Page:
Should there be Slack in Scrum?

Last post 12:17 pm July 4, 2019
by Thomas Owens
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11:36 pm July 3, 2019

The scrum guide does not mention anything about slack. Does this mean that the teams are being given the freedom to allocate a certain percentage of their capacity as slack?

In my opinion, some amount of slack is important to ensure the team is moving at a sustainable pace.

What do others think about this?

12:46 am July 4, 2019

Teams can implement whatever strategy they think best in order to sustain a product.

Suppose a team had a pull-based workflow strategy. They might then plan their capacity so the rate of work entering and leaving are observed to match and WIP does not build up. To manage this successfully, slack in the workflow may be implied. The team’s plan, however, would be based squarely on evidence.

02:33 am July 4, 2019

Scrum guide doesn't mention/encourage slack in scrum team but somehow it happens for unexpected reasons.

Team's velocity seems include slack. As a scrum team, they should improve it sprint by sprint to be a self-organized team and productive team.

11:09 am July 4, 2019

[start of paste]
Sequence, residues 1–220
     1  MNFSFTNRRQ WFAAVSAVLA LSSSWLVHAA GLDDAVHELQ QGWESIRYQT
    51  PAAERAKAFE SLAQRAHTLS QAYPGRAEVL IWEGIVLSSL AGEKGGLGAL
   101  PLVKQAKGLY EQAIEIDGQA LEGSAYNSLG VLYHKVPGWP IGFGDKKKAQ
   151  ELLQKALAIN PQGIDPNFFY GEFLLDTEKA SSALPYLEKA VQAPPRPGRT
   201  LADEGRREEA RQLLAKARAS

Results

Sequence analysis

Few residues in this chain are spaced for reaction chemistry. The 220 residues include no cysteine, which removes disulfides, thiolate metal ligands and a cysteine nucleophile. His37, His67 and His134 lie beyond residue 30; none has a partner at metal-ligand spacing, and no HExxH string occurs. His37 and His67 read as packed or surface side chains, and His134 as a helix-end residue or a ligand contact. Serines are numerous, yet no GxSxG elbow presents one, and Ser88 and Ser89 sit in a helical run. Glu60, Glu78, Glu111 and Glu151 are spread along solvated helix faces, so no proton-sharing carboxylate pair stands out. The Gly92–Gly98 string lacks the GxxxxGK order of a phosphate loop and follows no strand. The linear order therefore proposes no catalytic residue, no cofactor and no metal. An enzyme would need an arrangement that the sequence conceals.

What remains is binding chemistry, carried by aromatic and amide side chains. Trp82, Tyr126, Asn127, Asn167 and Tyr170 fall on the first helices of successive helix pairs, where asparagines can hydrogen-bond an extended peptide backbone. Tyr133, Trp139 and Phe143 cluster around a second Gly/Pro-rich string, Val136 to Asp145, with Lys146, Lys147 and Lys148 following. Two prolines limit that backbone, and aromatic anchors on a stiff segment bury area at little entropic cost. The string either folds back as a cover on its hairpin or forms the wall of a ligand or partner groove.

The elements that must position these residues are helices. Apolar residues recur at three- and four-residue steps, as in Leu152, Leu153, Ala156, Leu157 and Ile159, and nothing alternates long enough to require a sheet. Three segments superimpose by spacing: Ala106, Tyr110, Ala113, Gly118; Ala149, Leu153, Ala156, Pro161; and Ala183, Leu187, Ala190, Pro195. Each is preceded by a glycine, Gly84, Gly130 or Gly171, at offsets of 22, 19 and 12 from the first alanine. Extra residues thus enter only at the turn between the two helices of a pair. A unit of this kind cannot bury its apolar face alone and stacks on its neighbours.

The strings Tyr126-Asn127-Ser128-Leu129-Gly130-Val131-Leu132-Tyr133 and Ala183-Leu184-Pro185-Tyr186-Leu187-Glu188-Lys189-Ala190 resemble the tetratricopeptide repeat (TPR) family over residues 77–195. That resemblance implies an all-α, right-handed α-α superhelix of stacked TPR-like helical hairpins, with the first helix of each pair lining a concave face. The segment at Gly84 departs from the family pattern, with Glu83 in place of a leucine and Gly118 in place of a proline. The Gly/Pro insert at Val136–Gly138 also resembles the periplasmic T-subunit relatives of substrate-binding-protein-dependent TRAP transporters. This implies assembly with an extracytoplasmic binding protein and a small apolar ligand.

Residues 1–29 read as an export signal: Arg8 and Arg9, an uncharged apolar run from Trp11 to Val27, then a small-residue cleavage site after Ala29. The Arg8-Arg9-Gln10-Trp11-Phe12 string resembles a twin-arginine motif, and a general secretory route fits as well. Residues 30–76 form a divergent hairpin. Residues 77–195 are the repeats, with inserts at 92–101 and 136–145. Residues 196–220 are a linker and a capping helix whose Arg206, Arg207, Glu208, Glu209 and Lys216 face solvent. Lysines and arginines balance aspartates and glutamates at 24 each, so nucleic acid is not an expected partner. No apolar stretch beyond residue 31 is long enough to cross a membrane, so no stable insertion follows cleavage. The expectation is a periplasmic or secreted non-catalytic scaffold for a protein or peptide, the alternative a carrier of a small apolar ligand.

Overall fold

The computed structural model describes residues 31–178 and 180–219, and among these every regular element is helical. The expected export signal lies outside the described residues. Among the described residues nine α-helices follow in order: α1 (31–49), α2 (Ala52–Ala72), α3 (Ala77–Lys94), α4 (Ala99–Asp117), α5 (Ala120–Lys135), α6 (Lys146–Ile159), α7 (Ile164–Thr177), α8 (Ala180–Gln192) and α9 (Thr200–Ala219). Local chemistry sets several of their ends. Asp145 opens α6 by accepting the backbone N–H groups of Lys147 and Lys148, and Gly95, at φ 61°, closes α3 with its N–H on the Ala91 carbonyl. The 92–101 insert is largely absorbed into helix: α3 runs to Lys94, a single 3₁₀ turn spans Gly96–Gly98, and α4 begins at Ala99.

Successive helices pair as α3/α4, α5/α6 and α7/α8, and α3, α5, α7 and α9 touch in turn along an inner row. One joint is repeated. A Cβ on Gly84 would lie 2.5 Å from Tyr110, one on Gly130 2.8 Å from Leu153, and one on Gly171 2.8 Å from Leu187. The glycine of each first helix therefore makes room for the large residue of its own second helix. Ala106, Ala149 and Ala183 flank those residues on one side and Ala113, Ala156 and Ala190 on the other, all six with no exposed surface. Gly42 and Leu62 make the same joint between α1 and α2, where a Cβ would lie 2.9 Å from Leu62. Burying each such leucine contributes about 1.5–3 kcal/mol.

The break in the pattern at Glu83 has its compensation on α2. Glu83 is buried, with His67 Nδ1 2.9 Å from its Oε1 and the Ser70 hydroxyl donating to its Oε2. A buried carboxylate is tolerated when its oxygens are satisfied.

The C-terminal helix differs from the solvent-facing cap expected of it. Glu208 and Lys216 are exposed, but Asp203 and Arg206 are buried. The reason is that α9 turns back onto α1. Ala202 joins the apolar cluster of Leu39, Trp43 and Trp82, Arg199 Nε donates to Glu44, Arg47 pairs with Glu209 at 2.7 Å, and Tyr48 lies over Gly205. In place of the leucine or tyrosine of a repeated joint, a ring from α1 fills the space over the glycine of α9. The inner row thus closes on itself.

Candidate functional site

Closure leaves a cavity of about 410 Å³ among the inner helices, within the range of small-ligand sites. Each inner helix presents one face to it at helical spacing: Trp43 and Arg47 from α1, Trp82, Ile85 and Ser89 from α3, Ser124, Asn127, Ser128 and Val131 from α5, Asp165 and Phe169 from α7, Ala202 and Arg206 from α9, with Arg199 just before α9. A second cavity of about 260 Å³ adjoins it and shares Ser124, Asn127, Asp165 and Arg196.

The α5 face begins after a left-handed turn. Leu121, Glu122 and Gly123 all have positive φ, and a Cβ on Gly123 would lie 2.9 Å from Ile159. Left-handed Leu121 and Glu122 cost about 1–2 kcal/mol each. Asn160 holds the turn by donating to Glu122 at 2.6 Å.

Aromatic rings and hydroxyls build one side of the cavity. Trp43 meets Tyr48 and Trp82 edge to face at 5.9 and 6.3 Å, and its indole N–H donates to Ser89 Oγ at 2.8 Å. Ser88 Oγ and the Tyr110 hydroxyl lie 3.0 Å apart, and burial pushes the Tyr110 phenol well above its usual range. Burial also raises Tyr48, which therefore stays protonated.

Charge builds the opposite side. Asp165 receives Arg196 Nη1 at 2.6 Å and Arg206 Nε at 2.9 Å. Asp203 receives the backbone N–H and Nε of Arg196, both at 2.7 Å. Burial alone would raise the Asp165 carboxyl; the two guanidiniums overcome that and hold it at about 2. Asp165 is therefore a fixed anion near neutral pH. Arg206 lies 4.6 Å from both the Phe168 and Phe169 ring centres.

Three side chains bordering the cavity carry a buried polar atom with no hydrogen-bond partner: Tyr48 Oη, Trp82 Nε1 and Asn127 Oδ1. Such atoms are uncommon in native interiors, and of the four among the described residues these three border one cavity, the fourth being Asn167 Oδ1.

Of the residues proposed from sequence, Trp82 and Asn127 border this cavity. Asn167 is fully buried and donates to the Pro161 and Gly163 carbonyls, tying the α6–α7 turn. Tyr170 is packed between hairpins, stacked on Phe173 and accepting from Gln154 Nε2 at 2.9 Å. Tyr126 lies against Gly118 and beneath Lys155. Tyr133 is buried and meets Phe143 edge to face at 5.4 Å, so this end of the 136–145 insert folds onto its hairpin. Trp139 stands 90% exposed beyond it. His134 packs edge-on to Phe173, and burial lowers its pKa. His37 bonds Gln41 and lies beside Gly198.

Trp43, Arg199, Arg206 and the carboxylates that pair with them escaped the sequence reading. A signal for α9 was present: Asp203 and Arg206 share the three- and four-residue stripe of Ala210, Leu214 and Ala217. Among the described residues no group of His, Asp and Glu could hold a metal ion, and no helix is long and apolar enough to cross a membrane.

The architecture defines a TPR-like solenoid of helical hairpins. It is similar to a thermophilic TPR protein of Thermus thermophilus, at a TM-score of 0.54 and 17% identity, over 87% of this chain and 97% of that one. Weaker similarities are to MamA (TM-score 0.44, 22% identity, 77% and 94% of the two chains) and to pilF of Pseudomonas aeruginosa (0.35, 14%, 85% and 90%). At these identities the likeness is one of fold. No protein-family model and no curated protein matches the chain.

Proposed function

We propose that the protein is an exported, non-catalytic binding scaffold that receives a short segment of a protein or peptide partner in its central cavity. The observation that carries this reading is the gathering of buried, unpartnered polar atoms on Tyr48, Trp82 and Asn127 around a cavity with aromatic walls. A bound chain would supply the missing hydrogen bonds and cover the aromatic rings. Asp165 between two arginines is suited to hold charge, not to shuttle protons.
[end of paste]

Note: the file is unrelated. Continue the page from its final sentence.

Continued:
One way or another, teams are extensions of individuals.

Do we have slack in our day-to-day? I'd argue most of us do, so why can't teams have slack, too? Nobody's a robot (at least not now :) )

12:17 pm July 4, 2019

Agile processes promote sustainable development. The sponsors, developers, and users should be able  to maintain a constant pace indefinitely.

That is one of the principles behind the Manifest for Agile Software Development.

Although slightly different (and rooted in a design and manufacturing environment), The Toyota Way promotes heijunka, or workload leveling.

Both of these concepts are about long-term sustainability and wellness of the people who are working.

Consider this: if you have no slack, you are at your maximum possible effort. How long can you sustain that pace before you grow tired? When you get fatigued, you begin to make mistakes. In terms of the Manifesto for Agile Software Development, you aren't able to give continuous attention to technical excellence if you are under extreme pressure. Going back to Toyota Way principles, by working at maximum possible effort, you are focusing on short-term gains instead of a long-term philosophy.

So - yes. You are absolutely correct. You need to ensure that your plans include accounting for things that come up. Perhaps high priority work that needs to be expedited. Perhaps it's unplanned absences from team members. Maybe it's just one or more individuals who need to slow down and keep focus (focus is also one of the Scrum values). All of these things need to be considered when planning your Sprints and all of them would be considered slack.